Quick Look: The Alienware invasion

This is no weather balloon — it's a full-scale alien invasion. A series of desktop computers, notebooks and workstations by Alienware are infiltrating the government.

Alienware has traditionally marketed its computers to gamers because it specializes in building machines with high-end graphics. But last year, federal officials became interested in Alienware's products, and the company was recently awarded its first General Services Administration contract. It is now actively marketing to government customers.

"There is a lot of interest from the Department of Defense," said Robert Lusk, vice president of sales and marketing at Alienware.

The company's computers excel in modeling, simulation and other graphically intense applications, so they are well-suited to uses such as warfare-simulation training in the Army, research projects using 3-D imaging and homeland security applications.

Another advantage for government customers is that Alienware's manufacturing process can be customized, Lusk said. "We don't use exactly the same procedures every time," he said. "We're a smaller company, and we're not cranking out zillions" of computers.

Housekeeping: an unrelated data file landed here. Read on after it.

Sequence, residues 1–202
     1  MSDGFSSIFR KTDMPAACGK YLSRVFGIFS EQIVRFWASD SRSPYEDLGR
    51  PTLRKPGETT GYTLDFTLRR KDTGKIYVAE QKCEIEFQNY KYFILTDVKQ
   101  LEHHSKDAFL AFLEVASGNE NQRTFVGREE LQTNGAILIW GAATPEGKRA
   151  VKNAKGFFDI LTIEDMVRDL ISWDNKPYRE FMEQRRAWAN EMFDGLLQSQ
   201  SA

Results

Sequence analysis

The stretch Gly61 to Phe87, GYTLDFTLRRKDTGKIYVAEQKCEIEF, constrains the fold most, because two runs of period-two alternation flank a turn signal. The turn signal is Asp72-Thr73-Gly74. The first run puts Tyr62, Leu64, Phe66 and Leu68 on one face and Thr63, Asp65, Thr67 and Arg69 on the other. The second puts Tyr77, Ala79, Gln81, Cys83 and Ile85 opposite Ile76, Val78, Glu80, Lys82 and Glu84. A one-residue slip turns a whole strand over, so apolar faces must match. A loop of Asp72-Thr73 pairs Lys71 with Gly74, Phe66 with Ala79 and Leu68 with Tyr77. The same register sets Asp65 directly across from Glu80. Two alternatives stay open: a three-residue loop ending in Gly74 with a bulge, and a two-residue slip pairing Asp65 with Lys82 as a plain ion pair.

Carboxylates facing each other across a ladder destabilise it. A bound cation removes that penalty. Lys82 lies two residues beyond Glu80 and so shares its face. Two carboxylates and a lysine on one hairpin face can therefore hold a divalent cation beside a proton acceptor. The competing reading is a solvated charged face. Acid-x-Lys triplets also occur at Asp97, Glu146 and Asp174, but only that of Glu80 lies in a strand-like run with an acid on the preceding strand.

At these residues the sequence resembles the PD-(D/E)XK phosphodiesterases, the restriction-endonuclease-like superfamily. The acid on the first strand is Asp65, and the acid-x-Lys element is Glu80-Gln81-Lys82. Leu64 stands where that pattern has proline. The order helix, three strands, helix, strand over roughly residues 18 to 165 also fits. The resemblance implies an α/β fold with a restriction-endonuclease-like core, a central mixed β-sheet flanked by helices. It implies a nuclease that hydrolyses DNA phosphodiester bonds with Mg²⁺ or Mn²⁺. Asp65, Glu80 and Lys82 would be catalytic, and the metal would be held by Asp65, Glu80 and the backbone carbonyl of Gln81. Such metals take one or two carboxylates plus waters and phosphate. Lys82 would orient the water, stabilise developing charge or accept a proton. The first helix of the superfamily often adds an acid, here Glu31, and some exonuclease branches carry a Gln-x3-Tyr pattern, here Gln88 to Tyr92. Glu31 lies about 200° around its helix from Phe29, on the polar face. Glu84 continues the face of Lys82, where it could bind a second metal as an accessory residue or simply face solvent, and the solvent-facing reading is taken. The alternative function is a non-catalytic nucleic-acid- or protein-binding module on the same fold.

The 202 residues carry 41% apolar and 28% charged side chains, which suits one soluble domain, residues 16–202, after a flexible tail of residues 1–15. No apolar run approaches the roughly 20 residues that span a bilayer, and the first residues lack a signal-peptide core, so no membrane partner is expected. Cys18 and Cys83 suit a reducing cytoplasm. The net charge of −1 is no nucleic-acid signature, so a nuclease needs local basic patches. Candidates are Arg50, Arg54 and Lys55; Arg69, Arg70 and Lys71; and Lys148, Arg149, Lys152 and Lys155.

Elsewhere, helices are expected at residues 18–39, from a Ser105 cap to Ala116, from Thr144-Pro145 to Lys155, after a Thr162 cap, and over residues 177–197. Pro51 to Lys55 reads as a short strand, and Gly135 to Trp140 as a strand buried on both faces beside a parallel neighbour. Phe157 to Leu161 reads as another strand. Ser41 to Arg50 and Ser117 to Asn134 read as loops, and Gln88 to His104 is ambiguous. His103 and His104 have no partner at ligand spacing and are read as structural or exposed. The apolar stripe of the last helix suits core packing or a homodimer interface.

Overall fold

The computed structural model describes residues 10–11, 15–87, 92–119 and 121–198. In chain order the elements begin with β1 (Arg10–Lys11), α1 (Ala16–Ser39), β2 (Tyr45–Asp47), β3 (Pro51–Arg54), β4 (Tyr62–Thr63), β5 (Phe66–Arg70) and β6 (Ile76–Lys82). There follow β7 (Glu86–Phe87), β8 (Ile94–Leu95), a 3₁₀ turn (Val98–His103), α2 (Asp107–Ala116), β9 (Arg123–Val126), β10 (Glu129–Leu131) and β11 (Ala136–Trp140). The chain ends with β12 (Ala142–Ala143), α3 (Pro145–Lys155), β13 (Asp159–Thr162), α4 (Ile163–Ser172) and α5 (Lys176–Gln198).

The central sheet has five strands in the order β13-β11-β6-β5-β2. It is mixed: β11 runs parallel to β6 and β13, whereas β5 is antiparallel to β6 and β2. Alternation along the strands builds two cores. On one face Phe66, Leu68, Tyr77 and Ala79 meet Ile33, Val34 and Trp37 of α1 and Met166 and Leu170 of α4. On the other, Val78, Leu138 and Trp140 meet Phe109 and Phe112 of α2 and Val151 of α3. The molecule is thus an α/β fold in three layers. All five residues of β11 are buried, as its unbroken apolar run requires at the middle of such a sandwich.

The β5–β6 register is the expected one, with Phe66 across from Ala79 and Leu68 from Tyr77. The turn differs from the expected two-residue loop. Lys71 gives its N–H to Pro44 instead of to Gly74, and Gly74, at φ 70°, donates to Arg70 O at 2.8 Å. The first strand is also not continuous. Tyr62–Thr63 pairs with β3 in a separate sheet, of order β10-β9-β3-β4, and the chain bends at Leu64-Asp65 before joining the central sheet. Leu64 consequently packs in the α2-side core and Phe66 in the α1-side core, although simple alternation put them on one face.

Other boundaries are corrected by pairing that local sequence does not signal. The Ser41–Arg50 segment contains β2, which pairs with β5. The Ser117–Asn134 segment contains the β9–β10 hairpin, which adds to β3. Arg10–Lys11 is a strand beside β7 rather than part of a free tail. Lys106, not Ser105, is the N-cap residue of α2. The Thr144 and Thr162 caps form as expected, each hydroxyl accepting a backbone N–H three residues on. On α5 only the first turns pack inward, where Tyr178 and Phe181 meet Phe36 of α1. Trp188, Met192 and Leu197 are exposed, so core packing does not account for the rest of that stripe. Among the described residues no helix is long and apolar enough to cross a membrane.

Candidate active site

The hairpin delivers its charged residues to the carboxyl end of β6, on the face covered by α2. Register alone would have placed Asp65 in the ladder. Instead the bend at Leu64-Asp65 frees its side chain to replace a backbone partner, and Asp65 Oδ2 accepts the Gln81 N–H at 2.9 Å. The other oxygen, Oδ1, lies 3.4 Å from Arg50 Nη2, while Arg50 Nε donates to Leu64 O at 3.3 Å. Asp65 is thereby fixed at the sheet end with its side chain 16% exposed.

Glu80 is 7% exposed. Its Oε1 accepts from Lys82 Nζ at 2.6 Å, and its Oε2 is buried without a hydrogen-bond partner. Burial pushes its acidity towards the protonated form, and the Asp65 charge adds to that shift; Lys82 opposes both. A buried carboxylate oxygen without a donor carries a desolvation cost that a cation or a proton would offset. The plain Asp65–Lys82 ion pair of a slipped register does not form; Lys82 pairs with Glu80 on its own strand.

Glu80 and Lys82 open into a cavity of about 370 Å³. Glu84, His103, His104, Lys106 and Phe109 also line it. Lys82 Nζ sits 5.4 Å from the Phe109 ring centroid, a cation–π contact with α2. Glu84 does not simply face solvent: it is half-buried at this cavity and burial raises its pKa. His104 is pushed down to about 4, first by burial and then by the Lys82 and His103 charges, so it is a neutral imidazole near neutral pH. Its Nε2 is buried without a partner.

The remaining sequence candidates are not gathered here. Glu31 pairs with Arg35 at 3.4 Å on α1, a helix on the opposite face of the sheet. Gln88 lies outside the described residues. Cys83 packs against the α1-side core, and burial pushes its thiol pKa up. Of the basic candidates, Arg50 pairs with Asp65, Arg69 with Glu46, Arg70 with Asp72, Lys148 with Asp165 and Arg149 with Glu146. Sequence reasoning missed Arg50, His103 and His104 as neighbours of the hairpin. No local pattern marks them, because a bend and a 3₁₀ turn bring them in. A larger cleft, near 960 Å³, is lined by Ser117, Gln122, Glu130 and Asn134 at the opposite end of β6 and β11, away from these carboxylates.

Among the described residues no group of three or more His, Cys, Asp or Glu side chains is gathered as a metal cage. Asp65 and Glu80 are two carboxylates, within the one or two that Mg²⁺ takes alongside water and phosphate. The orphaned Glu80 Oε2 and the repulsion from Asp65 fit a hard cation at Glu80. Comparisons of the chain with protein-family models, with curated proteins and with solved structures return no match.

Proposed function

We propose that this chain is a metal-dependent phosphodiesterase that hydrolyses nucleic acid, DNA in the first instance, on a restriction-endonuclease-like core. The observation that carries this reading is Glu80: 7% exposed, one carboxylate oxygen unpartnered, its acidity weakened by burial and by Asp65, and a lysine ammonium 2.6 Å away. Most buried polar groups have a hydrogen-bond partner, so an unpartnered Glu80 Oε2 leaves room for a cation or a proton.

The company recently released the Bot, a compact desktop computer with an appealing price tag for budget-conscious customers. A basic configuration costs $694 after a $400 mail-in rebate.

Our review unit, which costs $1,645, shipped with an Intel Pentium 4 3.4 GHz processor with Hyper-Threading Technology, 1G of dual-channel DDR memory, a 160G hard drive, a DVD-RW drive, a floppy drive and an ATI Technologies Radeon X600 XT PCI Express graphics processor with 128M of video memory.

In addition to sophisticated graphics, this machine is serious about sound. It comes with Intel High Definition Audio and six rear audio jacks that support six-channel, 16-bit audio. Headphone and microphone jacks are located on the front of the chassis.

Preloaded software extras include AlienGUIse, which lets users alter desktop features such as icons; CyberLink's PowerDVD 5, a software interface for playing DVDs; and Nero's NeroVision Express 2 for creating and playing CDs and DVDs and performing other video tasks.

We liked the sleek silver and black chassis. It would even look good in a living room because hinged covers hide the floppy drive, optical DVD drive and a set of ports. However, it could get tedious to open a door every time you want to load a CD or DVD. Frequent CD users might choose to leave the door open all the time, making the chassis look sloppier than it would if the drive were simply exposed in the first place.

The Bot comes with a host of ports, including serial, parallel, 10/100 Ethernet, 56 kilobits/sec V.92 modem, two PS/2, six USB 2.0 (four on the back and two on the front) and two FireWire (one in back and one up front). Video ports include Digital Visual Interface and VGA.

The Bot's one-year AlienCare warranty includes toll-free, around-the-clock telephone support and on-site service.


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